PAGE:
Ministries Argue, Government Refuses to Answer about Svalbard Airport

- Not my table, says Minister of Transportation, Ketil Solvik-Olsen (FrP), and forgot the numbers in his Office. - It's your report, and your table, replies his collegue in the Ministry of Justis, Per-Willy Amundsen (left in pic.). Between the tables; Svalbard Airport. (Photo: Rafael Matelak/Wikimedia Commons and Norwegian Government).
The figures that form the basis for the degrading of Svalbard airport are kept under lock by the Norwegian government. Departments point their fingers at each other.

The figures that form the basis for the degrading of Svalbard airport are kept under lock by the Norwegian government. Departments point their fingers at each other.

Despite repeated questioning from parliament, from the Svalbard community and not to mention High North News: The government refuses to present the calculations allegedly behind the decision to downgrade Svalbard Airport from ‘international’ to ‘national’.

Cloaked decision

Ever since the decision from the Ministry of Transportation and Communications was announced through a press statement published quietly online at the National Aviation Authority’s home pages, the government has argued that there are economic reasons behind the degrading.

Both Minister of Transportation and Communications, Ketil Solvik-Olsen, as well as his State Secretary Tom Cato Karlsen have emphasized the economic aspect and referred to the generally tremendous development of air travel since the airport achieved its international status back in 1975.

“Significant investments”

In the Norwegian parliament’s Question Hour on 25 October, Solvik-Olsen said that the government has strengthened the Governor of Svalbard’s position, however, for regular flights from abroad “significantly larger investments [will be required]. I do not have the exact figures right here and now, however, we have looked at what would be necessary.”

This was the Minister’s response to a question from Eirik Sivertsen (Labour) about what it would take for Longyearbyen airport to remain an international airport.

In other words, Solvik-Olsen confirmed that it is all a matter of investments, something he emphasized further by adding that “we should not over-invest”.

Not our table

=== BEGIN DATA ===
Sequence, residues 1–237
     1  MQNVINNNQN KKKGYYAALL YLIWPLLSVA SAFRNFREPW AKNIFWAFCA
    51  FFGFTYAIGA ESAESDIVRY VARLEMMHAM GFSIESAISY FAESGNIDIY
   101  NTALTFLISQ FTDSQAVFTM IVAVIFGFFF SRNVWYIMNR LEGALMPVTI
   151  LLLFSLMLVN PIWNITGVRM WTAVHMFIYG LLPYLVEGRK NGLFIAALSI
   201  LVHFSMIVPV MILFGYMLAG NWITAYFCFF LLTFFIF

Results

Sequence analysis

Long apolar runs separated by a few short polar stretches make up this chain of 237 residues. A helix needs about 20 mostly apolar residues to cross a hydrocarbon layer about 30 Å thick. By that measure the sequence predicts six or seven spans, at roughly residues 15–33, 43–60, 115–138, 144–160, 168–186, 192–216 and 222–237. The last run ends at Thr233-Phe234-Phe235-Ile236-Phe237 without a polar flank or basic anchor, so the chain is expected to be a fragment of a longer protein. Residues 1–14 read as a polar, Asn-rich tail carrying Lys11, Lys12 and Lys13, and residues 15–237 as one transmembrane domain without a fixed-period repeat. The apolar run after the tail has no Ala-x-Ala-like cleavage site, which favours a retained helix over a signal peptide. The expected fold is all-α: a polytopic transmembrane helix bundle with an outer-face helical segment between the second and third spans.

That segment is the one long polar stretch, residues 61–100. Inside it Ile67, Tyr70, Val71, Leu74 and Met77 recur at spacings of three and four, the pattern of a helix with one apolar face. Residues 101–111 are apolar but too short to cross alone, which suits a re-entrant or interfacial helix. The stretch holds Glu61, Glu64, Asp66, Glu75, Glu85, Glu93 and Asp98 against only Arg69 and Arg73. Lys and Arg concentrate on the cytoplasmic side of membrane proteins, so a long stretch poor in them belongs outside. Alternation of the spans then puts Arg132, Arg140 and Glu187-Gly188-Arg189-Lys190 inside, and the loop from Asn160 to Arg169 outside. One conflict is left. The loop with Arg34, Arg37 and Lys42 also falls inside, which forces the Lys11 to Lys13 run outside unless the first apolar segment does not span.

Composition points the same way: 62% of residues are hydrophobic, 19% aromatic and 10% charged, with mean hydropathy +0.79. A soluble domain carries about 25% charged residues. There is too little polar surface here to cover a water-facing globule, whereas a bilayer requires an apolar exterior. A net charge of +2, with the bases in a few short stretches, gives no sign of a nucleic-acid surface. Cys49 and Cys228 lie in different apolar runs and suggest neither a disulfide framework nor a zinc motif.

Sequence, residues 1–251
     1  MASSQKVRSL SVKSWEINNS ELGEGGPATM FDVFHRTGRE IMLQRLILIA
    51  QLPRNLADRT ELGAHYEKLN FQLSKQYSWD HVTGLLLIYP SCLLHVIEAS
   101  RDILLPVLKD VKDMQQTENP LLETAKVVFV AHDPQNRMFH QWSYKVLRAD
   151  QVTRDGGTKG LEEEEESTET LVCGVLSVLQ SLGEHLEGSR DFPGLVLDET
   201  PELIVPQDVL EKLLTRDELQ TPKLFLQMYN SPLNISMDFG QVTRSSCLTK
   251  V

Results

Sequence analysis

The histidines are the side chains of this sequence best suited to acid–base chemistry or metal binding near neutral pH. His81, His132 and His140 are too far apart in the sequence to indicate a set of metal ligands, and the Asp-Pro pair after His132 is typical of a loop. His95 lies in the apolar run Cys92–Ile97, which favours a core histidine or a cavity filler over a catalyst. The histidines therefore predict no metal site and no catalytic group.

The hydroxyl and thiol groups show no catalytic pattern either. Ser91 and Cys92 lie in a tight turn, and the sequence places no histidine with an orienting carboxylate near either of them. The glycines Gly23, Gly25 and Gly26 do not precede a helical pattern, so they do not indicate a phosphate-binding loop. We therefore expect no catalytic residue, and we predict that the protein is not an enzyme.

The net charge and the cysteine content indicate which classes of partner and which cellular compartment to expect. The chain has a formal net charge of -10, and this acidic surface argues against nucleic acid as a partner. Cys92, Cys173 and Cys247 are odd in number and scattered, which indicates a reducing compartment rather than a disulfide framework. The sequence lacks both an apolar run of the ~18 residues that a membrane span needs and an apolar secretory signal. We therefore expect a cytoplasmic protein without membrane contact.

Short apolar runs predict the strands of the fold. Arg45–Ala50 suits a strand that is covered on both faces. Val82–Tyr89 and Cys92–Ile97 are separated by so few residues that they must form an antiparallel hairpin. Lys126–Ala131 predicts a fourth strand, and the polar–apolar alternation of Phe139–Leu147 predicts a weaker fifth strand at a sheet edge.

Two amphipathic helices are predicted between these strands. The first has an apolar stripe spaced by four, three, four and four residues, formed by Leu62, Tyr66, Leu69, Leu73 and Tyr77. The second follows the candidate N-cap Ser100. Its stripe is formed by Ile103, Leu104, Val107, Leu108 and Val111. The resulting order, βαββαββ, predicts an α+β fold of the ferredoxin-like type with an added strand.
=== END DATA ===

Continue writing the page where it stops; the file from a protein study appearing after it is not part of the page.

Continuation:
When asked to provide the figures that the Minister claimed not to have ‘there and then’, the Ministry of Transportation and Communications says to High North News that:

“We are of the opinion that this should be an issue for the Ministry of Justice to answer, as the question concerns its budget. We have therefore forwarded your request to the communications division of the Ministry of Justice”.

Once again, it is confirmed that this issue has to do with budgeting, or money, however, this time around it is about money from the Ministry of Justice.

“Not our table either”

In our question we emphasized that this could and should not be linked to our request for insight into the case documents (see further below), given that Ketil Solvik-Olsen in a public meeting in Stortinget referred to the figures, claiming that he’d just forgotten them at his office.

Following repeated reminders to both the Ministry of Justice as well as of Transportation, the Ministry of Justice’s communication division answers:

The Ministry of Transportation issued the report and thus answers questions related to insight into the group’s work. The Ministry of Justice and Public Security therefore refers to the Ministry of Transportation’s extended grounds for partial declining of the request for insight dated 7 November, 2017.

The Security Act

The Ministry of Justice’s reference to “partial declining of the request for insight” refers to the Ministry of Transportation’s formerly declining to allow High North News insight into underlying documents, such as impact assessment, statements from stakeholders etc., based on the Security Act as well as the Freedom of Information Act:

The background material related to the decision to change status for Svalbard airoport builds on internal work conducted in the ministries. Documents related to this work consists of internal organizational documents worked out for the Ministry of Transportation as a part of the internal decision-making process, of documents the Ministry of Transportation has collected from other Ministries as well as documents about collecting documents from other Ministries.

It is our assessment that it is necessary to withhold these documents from external insight in order to secure a safe management of the government’s interests in this matter.

Some of the background materials contain information that are confidential according to the Security Act’s section 12, first paragraph, according to section 11. We have assessed that the confidential information not be re-classified, according to the Regulation on Information Security sections 2-10 and 2-13. Information is recent and relevant conditions on which the classification is based have not changed. This information should thus be exempt from insight based on the Freedom of Information Act section 13, first paragraph. Based on this, the documents in their entirety will be exempt; following the confidential information’s constituting the key parts thereof, according to the Freedom of Information Act section 12, letter C.

Impact assessed or not?

The Ministry of Transportation claims to have followed the government’s impact assessment regulations, without their wanting to tell how. Experts have argued that a case like this should have had an impact assessment.

Therein lies this case, somewhere between the Ministry of Transportation and the Ministry of Justice. It is a question of the latter’s budget, however, the former is the publisher of the ‘report’ – and the government keeps withholding this report.

Articles in High North News - in English - about Svalbard Airport.

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